How To Go About Registering For A Learnership
A learnership is a learning programme which combine both classroom-based learning at a training centre or college (a theoretical component) and on-the-job training in a workplace (practical training). Learnerships are not limited to ‘trades’ and are available at different levels for different occupations. Learnerships are not geared only towards the youth.
How to go about registering for a learnership
You must be older than 16 and younger than 35 to be eligible for a learnership.
Unemployed South Africans can only participate in a learnership if there is an employer prepared to provide the required work experience.
Competency-based learning that allows the learner to move at their own pace.
Assessments through various stages of the learnership to ensure that a learner is able to perform tasks for which they have learned, as opposed to a single assessment at the end of the learning.
If successful in your completion of the programme you will be awarded a nationally recognised occupational qualification.
A learnership is a three party agreement, signed by the employer, training provider and the learner, registered with the Seta.
Therefore for you to participate in a learnership, an employer must be willing and able to provide the learnership.
Does a Learnership sound like the right training option for you? Here’s the procedure to follow…
…if you are a worker
Ask your supervisor, training or personnel manager or trade union representative if your employer offers learnerships. Find out what learnerships your employer offer and how you can apply. Discuss this with your supervisor. You should find out what –
- will be asked of you; (e.g. will you have to study in the evenings?)
- qualification you will get;
- level the qualification will be;
- kind of tests there will be;
- happens if you fail; and whether
- you will be able to cope with the classroom and practical work; and
- there will be future promotion or training.
If your employer does not currently run any learnerships encourage them to start. There are many financial rewards for employers who start learnerships. They can get more information from the Department.
…if you are unemployed
- Plan a career path Think about the kind of training and job you are looking for. In other words, if you like being outside, do not apply for an office-type of job.
- Identify the learnership that supports the chosen career path
- Find out as much information as possible about the learnership
- Contact SETAs to find out which employers offer learnerships.
- Enquire about the applicable criteria for entering a learnership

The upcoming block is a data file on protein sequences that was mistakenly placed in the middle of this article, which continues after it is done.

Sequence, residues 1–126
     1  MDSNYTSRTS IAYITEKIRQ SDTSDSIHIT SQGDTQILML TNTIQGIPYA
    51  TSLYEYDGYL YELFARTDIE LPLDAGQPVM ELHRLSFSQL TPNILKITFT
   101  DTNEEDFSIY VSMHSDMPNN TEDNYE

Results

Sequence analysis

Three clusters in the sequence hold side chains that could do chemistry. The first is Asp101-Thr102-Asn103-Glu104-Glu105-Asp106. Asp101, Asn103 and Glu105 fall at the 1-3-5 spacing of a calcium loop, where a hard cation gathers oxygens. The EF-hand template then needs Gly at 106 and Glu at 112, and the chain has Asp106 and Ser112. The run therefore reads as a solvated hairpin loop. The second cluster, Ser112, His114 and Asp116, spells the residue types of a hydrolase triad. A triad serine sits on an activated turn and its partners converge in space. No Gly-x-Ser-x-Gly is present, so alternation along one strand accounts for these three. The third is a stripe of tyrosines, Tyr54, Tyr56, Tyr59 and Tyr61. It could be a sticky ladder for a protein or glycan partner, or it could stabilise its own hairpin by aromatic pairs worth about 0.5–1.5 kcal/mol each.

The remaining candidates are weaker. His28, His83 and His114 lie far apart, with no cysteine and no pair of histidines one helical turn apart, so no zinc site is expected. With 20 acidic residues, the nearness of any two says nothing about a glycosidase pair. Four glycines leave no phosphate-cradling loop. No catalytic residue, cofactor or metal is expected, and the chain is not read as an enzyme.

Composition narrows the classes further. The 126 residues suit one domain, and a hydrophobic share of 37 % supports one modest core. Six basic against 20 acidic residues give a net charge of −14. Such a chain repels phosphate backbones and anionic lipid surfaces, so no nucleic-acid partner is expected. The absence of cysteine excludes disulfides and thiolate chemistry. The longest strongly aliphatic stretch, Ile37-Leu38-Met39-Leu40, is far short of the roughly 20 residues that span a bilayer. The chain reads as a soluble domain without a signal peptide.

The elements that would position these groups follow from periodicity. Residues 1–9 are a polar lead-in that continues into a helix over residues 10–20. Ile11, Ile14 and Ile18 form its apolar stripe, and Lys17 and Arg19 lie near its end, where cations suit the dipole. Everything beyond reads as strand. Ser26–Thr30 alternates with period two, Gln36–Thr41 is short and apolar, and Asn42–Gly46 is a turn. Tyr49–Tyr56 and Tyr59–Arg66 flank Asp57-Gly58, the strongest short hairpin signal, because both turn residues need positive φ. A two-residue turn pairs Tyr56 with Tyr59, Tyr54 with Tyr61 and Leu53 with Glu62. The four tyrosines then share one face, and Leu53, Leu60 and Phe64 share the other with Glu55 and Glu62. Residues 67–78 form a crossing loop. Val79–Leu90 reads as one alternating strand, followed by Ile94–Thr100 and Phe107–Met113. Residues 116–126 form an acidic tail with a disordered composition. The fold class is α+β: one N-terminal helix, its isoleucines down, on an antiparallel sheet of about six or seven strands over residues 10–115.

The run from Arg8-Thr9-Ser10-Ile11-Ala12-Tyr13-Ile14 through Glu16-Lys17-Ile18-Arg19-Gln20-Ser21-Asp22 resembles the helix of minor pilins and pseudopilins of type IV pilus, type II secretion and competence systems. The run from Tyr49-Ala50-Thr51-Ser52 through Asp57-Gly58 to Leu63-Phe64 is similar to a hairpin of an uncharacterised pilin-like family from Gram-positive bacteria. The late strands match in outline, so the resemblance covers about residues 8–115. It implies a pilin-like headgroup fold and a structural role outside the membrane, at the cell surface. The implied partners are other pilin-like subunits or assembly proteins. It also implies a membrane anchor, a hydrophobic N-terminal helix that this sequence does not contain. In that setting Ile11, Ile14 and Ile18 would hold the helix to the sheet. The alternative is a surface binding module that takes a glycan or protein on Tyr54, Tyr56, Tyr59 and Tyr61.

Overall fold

- Find an employer willing to provide practical work experience
- Register as a work-seeker at your nearest labour centre. This will help employers to find you if they want to start a learnership.
- Draw up a CV that gives personal details such as:
- your name and date of birth
- education; school attended and qualifications
- work experience; names of previous employers and what you did
- other skills such as computer skills; whether you have a driver’s licence, etc.
- referees (names and contact details of people who know you well in a work or study capacity).
- Prepare for an interview. Think of the questions you may be asked. Practice with a friend.
- Ask friends and family to look out for openings and watch adverts in newspapers.
- Keep in contact with your labour centre and update your details when they change.
For more information contact your nearest government labour centre or the relevant SETA.
A list of all the registered learnerships is also available on the Department of Labour’s website at www.labour.gov.za.
Unisa is an open distance learning university which allows students to pursue their studies by using online resources and study materials provided by Unisa themself. They provide quality tertiary education which can be completed in a schedule chosen by the student.
Are you interested in representing your fellow peers at Red & Yellow? Well, now is your chance to apply for a seat on their Student Body. Allow your voice to be heard.
Once you've been approved to have your studies funded by NSFAS, there are requirements you'll need to keep up during your studies to ensure that you stay funded by NSFAS. Keep reading to learn more.
Most popular articles today
Heading off on a study path and looking to study in the business field? Undergraduate studies refer to post-school education that is offered in the form of certificates, diplomas and degrees. You can access information on the wide range of undergraduate options offered by Milpark Education, grouped by each of their Schools.
Prospective students who wish to study at Nelson Mandela University in 2022 are invited to apply for a certificate, diploma or degree qualification using our online application system. Apply online now!
Other people were also interested in:
A social grant refers to grants paid by government to South African citizens who are in need of assistance. In South Africa, social grants are administered by the South African Social Security Agency (SASSA). Social grants are in place to help improve standards of living in society and are given to people who are vulnerable to poverty and in need of state support.
Students at the Walter Sisulu University have taken to the streets to protest over NSFAS allowances as well as admission and registration matters. The University has suspended all academic activities due to these protests.